Exam1 - ME 364 Exam#1 in-class portion Name Lecture time(circle one 11:00 or 2:25 Note there are 4 multiple choice questions worth 40 pts follmzved

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Unformatted text preview: ME 364 Exam #1, in-class portion Name Lecture time (circle one): 11:00 or 2:25 Note # there are 4 multiple choice questions worth 40 pts follmzved by a problem that is worth 60 pts. There is an extra credit question at the end that is worth 10 pts. You only have 50 minutes — make sure you budget your time appropriately. Multiple choice questions £40 pts) 1. (10 pts) Two solid rods are made of the same material with the same thermal conductivity. They are insulated on their outer radius and have the same temperatures on either end, as shown. The diameter of rod A is twice that of rod B and the length of rod A is half that of rod B. direction of heat flow \X‘x‘x‘x‘xm‘x\h\\\\\\\\\\\\\\\\\ "~ Circle the letter of the correct statement about the thermal resistance to conduction associated with the flow of heat through these rods (along their centerline). a. The thermal resistances ofthe two rods are equal (R3 = RA). b. The thermal resistance ofrod B is 2 times that of rod A (R3 = 2 RA). c. The thermal resistance of rod B is 4 times that of rod A (RB : 4 RA). ; The thermal resistance of rod B is 8 times that of rod A (RB : 8 RA). tie/.9 The thermal resistance of rod B is equal to the thermal resistance of rod A squared (R3 = RE). The thermal resistance to conduction is Rm 2 i : L 2 k A k 71' D Therefore. the ratio ot‘the thermal resistance of rod 8 to rod A is; RB _ LB MD: _ (2124) Di 2 RA_k7rD§ LA _ L [D 2 J : 8 and the correct answer is (d) A A Z. (10 pts) The steady-state temperature distribution within a plane wall with a c0nstant thermal conductivity is shown below. T(X) x=0 x=L Circle the letter of the correct statement (there is only one). a. The left hand side ofthe wall is adiabatic. b. There is no internal generation of energy within the wall. 0. At x30 (the left side of the wall) heat is being transferred out of the wall (1. At x=L (the right side of the wall) heat is being transferred into the wall. (a) the temperature gradient at the left hand side of the wall is not zero — it cannot be adiabatic and (a) is not correct (b) there must be internai generation to account for the nonlinear temperature distribution and so (b) is not correct @t x:0 the temperature gradient is positive, therefore the heat transfer rate must he in the negative x-direction or out ofthe wall. Therefore (0) is the correct answer. (d) at XZL, the temperature gradient is negative, therefore the heat transfer rate must he in the positive x—direction or out ofthe wali and (d) is not correct (10 pts) The composite wall is composed of two layers. Layer A has a thermal conductivity that is higher than layer B. The thermal conductivity in both layers is constant. For steady state conduction of heat through the wall from left to right, with no internal generation of energy, circle the letter of the temperature distribution that is possible. layer A has a higher thermal conductivity than layer B direction of heat _—. transfer AB 'AB m A B (a) (b) (c) (e) The temperature gradient must be iinear in both layers if there is no generation — therefore (a) cannot be correct. The temperature must decrease from Eeft to right given the direction of heat transfer and therefore (b) and (c) cannot be correct. The temperature gradient within layer A. the high conductivity layer. must be less than the ' temperature gradient in layer B. Therefore, (d) must be the correct answer. A cylindrical heater element is encased in a layer of ceramic, The outer surface of the ceramic both radiates and convects to its surroundings. surface of ceramic experiences convection and radiation with surroundings R = ‘10 W conv R =100 KAN rad heat is generated by cylindrical heater interface between the heater and the ceramic - heater is surrounded by ceramic R = 1.0 KAN cond,cer The thermal resistances have been calculated for you; the conductive resistance of the ceramic is 1.0 K/W, the resistance due to convection is It} K/W, and the resistance due to radiation is 100 K/W. Circle the quantity below that has the largest effect on the temperature at the interface between the cylindrical heater and the ceramic. a. The emissivity of ceramic surface. The heat transfer coefficient at the surface orthe ceramic. c. The conductivity of the ceramic material, C]. The conductivity of the heater material. The conductivity ofthe heater material does not play any role with regard to the temperature at the interface — therefore (d) is not the correct answer. The resistance network representing this process is conduction through the ceramic (Rmdm) in series with two resistors in paratlel that represent convection and radiation (Rwy and Rm). The parallel combination of convection and radiation has a value of about 9 WW which is much. iarger than the conduction resistance — as a result, the conduction resistance does not have a significant impact on the problem and we can eliminate (c) as an answer (recail i in a series combination of resistances the biggest one dominates the answer). So now the question is whether convection or radiation is most important. In a parallel combination of resistances, the smaliest resistor dominates {none of the heat wants to go through the big one), The convection resistance is much iess than the radiation resistance. Therefore. the heat transfer coefficient at the surface of the ceramic dominates the problem and (b) is the correct answer. Problem 160 ptsl You have designed a wall for a freezer. A cross-section of your freezer wall is shown below. The wall separates the freezer air (at Y}: 40°C) from air within the room (at T r = 20°C). The heat transfer coefficient between the freezer air and the inner wall of the freezer (hf) is 10 W/mZ-K and the heat transfer coefficient between the room air and the outer wall of the freezer (P1,) is also 10 W/mZ-K. The wall is composed of a 1.0 cm thick layer of fiberglass blanket sandwiched between two 5.0 mm sheets of stainless steel. The thermal conductivity of fiberglass (kb) and stainless steel (kw) are 0.06 W/m-K and 15 W/m-K, respectively. Assume that the area ofthe wall is 1 1112. tb=1.0cm tw=5.0mm—.‘ Fig la—tfl=5.0mm room air at Tr = 200 room air to wall heat transfer coefficient is hr: 10 W/mZ-K freezer air at T, = 40°C freezer air to wall heat transfer ‘ coefficient is hf = 10 W/mZ—K stainless steel outer wall kW 2 15 W/m-K stainless steel inner wall kw = t5 W/m—K fiberglass blanket kb: 0.06 W/m-K a.) (10 pts) Draw a resistance network to illustrate this problem. Be sure to label the resistances in your network so that it is clear what each is meant to represent. Calculate the value of each of the resistances in your network (K/W). The resistance network is shown below: R R R R conv,r cond,w cond. b condw Rco nv,f Moving from left to right, the resistors are (assuming a .1 m2 area): M 2 convection with the room air Rm", r = ~1— = m K 2 2 0.15 ' hr A 10 W lrn W t. “0.005ran K conduction through the outer stainless wall Rma, w = 2 : 0.0003— ‘ k A 15W 1 m W w t!) 0.01 m mK K conduction through the fiberglass blanket Rmd h = ——-—— = 2 = 0.17— ’ kh A 0.06W 1 m W conduction through the outer stainless wall Rmd W m r‘” z 0005 m m K 2 a 00003 K ’ kw A 15 W 1 in W 2 convection with the freezer air R. 1 m K = 0.115w ZZZ: 10 w 11m2 W .) (5 pts) Determine the rate of heat transfer from the room air to the freezer (W). The heat transfer rate for l m2 is given by: . 3)- Tl—Tf 20—(—10)Kw Ki: (1 = —'¢— = — z 82 w RCGWJ‘ + Rcondm‘ + Ra)me + Rcond,w + Roomuf K .) (10 pts) Your boss wants to make a more energy efficient freezer by reducing the rate of heat transfer to the freezer. He suggests that you double the thickness of the stainless steel wall panels from 5.0 mm to 10.0 mm. Is this a good idea? Justify your answer briefly. No i the resistance of the wall panels is negligible. in a series resistance network the small resistors don’t matter and, changing the thickness of the wall panel will not affect the heat transfer rate to the freezer. .) (10 pts) What design change to your wall would you suggest in order to improve the energy efficiency ofthe freezer. The biggest resistor in the network is related to conduction through the fibergiass blanket. To make a real difference in the heat transfer 1 would suggest making this blanket thicker. ,) (15 pts) One of your design requirements is that no condensation must form on the external surface of your freezer wall, even if the relative humidity in the room reaches 75%. This implies that the extemal surface of the freezer wall must be greater than 15°C, as shown below. Does your freezer wall satisfy this requirement? Calculate the external surface temperature (°C). freezer air room air you have to avoid any / condensation on this surface, therefore, this surface temperature must be at least 15°C We can calculate the surface temperature, TS, which is l beied on the resistance network from (a), below. Tr Ts Tf 7! m!” WWW—WWW «3 > K, a '\ Rconv,r Rcondw Rcondb RCDndM Rconv,f -1} E ’IN "I .’ «j o 82W 0.1K (2/ a w . . . 7; : TF .3430 = 20 C——— =11.8 C so the answer 13 that there Will be condensanon OIII'J‘ W ) (10 pts) Suggest a design change that could prevent condensation. What would be the impact of your proposed design change on the energy consumption of the freezer (i.e., would it increase, stay the same, or decrease) and why? there are several correct answers to this problem; a couple of these are listed below. You could install a heater somewhere near the outer wall to keep the surface temperature at 15 deg. C, this could cause the freezer energy consumption to increase because the surface temperature, TM has gone up driving more heat into the freezer which must be removed by the refrigeration system. You could increase the thickness ofthe fiberglass blanket m this would tend to increase the amount of resistance between 2’; and I} and therefore drive T5 closer to Tr. The energy consumption would decrease in this case as the amount of heat driven into the freezer is reduced. Extra Credit Problem [worth 10 extra points! Consider a two—part composite wall. . . .o e N. | o t t d 6' Q t t I $0. vat-ares o o o 00$ ho ' u 0' +39 .4 " ..,, . o .. “9:. .,....... .. - - .. «3 my convection to air, '~::::::::,:g§§::+:::¢:. . h, T v ++u '. ,o o. 3: . 2:5 . . . .. ... nu... on... :53. 0.0.304}. .339; ’ '0 o e‘ .. "$.43: ..¢3‘$.€ ... nu... . .... ..¢.. §~o¢~0¢§+++g “W... 926. Avatéafififififiéw. ‘ a‘.‘ *.°.:.°.*:.:.:.:.:.°f,;2:. ‘3' 45¢. .wad‘s-é‘ .‘. we: «we. .‘.‘. - m3. ....... .3... “‘5... r we». or ..§+.+.H.'.§+.+.+ ' v1.4" .. o . . o . Was-mam a” 5.; o o f a . $3? a £0330 4 1p 1‘: ‘n Each part (A and B) has some volumetric heat generation (4) and thermal conductivity (k) that is spatially uniform within that part. However, the-thermal conductivities and volumetric heat generation rates are such that the following is true: 2 ¢ i k MaterialA k MaterialB The heat that is generated is removed by convection from the two outer surfaces of the wall; the heat transfer coetficient and ambient temperature are the same on both sides. The temperature gradient at the interface between the two materials (F0) is the same in both materials. In other words, all _'£ 055 MateriaIA,@x:0 dx MaterialB,@ x=0 There is no contact resistance at the interface. Circle the single, correct answer below: a) This is not possible kwEnergy generated in A is not transferred to B c) At the interface, the temperature profile is discontinuous id) The temperature gradients in the wall at the convection boundary are different in parts A and B. This is a hard problem — i’in not sure I got it right. My solution follows: The governing equation for a plane wail is: dZT ‘ . . . . . . . . dxz = *2 integrating twice leads to an expression for the temperature distribution in parts A and B ‘l 2 w 2 a w [4(x)=— E x +Clx+C2 and T3(x):i E x +C3x+C4 A B where (,7; through (74 are constants of integration that must be obtained from the boundary conditions. Extra Credit Problem (worth 10 extra points) Consider a two—part composite wall. convection to air, h! Tair convection to air, h, T , arr o .50 0:4: o‘noo tat-w. :gwfiay +33 mi aka .‘W‘ “new ., .. m... . «a was 4:. ~ vi + . 2% a? o :0 +4 ... 03:. + 1-»;51 o o .0 4 .. Fig To?» 0 o 9,... 35' ,. . ‘3'?" . . .ofo:o o‘. ,. wage ‘0'... Each part (A and B) has some volumetric heat generation (cf) and thermal conductivity (k) that is spatially uniform within that part. However, therthermal conductivities and volumetric heat generation rates are such that the following is true: 2 i i k Material/1 k MaterialB The heat that is generated is removed by convection from the two outer surfaces of the wall; the heat transfer coefficient and ambient temperature are the same on both sides. The temperature gradient at the interface between the two materials (x=0) is the same in both materials. In other words, dT dT dx MaterialA,@x:0 dx MaterialB,@ x=0 There is no contact resistance at the interface. Circle the single, correct answer below: a) This is not possible iJEnergy generated in A is not transferred to B 0c) At the interface, the temperature profile is discontinuous The temperature gradients in the wall at the convection boundary are different in parts A and B. This is a hard problem i i’m not sure I got it right. My solution follows: The governing equation for a plane wail is: all?" ' . . . . . . . . Ex? = *1 integrating twrce leads to an expressron for the temperature distribution in parts A and B q 2 v 2 ‘4 ‘1 T4(x)=— E x +C1x+C2 and T3(x)=i E x +(ssx-vaA A 8 where C, throogb C4 are constants of integration that must be obtained from the boundary conditions. At the interface, x = 0 we have an energy baiance: dT dT ' x z 0 = ' x 2 0 which im lies that: —k — = ‘k _ qA( ) gB( ) p (1i dxjm‘o 5[ dx 19,va dx dx only the volumetric generation is different for the two parts. Plugging the temperature distribution formulae into this boundary condition we get: C1 = C3 Given the statement in the problem that = we know that k4 = in; which implies that Aixifl B,X=0 The other boundary condition at the interface is that the temperature distribution at the interface cannot be discontinuous so TA (x = 0) 2 TB (x : 0) which leads to C2 = C4 The temperature distributions are therefore: TA(x)=—[%] x2+Clx+C2 and TB(x)=—{%] x2+Cix+C2 A B ‘ where C, and C; would come from boundary conditions at the convection interfaces. At this point iets look at our choices: a. This is not possible WI don‘t see why it wouldn’t be possible. Nothing we’ve found so far seems physically impossible. I don‘t think (a) is correct. b. Energy generated in A is not transferred to B — I can't determine whether this is true or not w my guess is that the material with the higher heat generation rate wilt tend to transfer heat to the material with the tower heat generation. lfA has a higher heat generation then this will not be true, ldonit think (b) is correct. c. At the interface= the temperature profile is discontinuous. No — the temperature profile is continuous; the first derivative of the temperature profile is aiso continuous. The governing equation shows that the second derivative of the temperature profile is not continuous but that is not the definition ofdiscontinuous * I think (c) is incorrect. d, The temperature gradients in the wait at the convection boundary are different in parts A and B. By process of elimination (d) must be correct. Hm ever, this also makes sense 7 the probicni is not symmetric if the generation rates are different. More heat must be convected from one side of the composite than from the other: given that the thermal conductivity and heat transfer coefficients are the same in both parts the difference in the heat transfer rate must manifest itself as a difference in the temperature gradients. (d) is correct ...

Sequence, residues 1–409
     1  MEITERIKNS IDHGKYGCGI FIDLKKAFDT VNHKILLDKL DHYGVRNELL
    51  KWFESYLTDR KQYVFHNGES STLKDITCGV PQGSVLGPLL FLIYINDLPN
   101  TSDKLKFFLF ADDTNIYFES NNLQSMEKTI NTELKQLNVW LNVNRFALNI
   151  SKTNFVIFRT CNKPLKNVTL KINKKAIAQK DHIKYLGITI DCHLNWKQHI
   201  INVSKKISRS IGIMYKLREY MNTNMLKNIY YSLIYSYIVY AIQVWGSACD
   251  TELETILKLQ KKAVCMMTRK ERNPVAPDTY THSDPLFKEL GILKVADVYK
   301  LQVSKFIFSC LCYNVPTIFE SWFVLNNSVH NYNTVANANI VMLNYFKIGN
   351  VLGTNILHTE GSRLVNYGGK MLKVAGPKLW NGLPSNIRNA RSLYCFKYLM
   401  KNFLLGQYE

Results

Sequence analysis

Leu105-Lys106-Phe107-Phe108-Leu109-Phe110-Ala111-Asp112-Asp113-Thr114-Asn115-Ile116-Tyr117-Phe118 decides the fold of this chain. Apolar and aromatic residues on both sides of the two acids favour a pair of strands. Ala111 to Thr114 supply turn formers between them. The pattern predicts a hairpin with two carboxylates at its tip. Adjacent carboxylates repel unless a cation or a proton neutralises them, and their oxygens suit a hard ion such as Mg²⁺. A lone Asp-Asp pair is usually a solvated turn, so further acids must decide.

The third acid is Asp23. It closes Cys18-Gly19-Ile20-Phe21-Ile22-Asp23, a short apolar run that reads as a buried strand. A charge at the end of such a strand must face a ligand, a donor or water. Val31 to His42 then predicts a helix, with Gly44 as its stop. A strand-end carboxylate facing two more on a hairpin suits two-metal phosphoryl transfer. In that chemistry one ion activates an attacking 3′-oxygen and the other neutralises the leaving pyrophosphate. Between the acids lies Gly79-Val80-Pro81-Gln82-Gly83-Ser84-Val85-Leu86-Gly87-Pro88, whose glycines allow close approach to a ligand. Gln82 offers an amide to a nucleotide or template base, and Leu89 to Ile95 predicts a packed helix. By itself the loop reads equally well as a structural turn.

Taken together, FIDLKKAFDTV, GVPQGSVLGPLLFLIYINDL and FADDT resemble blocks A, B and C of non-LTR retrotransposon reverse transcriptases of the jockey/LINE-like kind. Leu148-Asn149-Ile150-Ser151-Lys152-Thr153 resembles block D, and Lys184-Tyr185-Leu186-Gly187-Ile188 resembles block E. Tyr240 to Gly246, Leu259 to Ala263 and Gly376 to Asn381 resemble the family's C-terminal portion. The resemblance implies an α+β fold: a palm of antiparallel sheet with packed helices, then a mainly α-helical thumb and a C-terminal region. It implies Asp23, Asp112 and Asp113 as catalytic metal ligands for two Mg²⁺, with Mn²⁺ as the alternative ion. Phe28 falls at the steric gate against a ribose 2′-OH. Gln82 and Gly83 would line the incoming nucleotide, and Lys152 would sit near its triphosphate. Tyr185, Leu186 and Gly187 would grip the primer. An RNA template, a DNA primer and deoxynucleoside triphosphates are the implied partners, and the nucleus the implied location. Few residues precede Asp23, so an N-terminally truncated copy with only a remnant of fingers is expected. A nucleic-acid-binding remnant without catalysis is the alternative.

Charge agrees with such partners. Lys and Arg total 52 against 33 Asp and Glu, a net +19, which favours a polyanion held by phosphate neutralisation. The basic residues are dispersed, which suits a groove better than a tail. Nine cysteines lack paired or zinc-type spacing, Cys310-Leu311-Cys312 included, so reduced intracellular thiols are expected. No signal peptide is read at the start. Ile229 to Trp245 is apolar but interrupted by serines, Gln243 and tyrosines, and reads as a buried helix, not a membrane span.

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This note was uploaded on 08/08/2008 for the course ME 364 taught by Professor Rothamer during the Fall '08 term at Wisconsin.

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Exam1 - ME 364 Exam#1 in-class portion Name Lecture time(circle one 11:00 or 2:25 Note there are 4 multiple choice questions worth 40 pts follmzved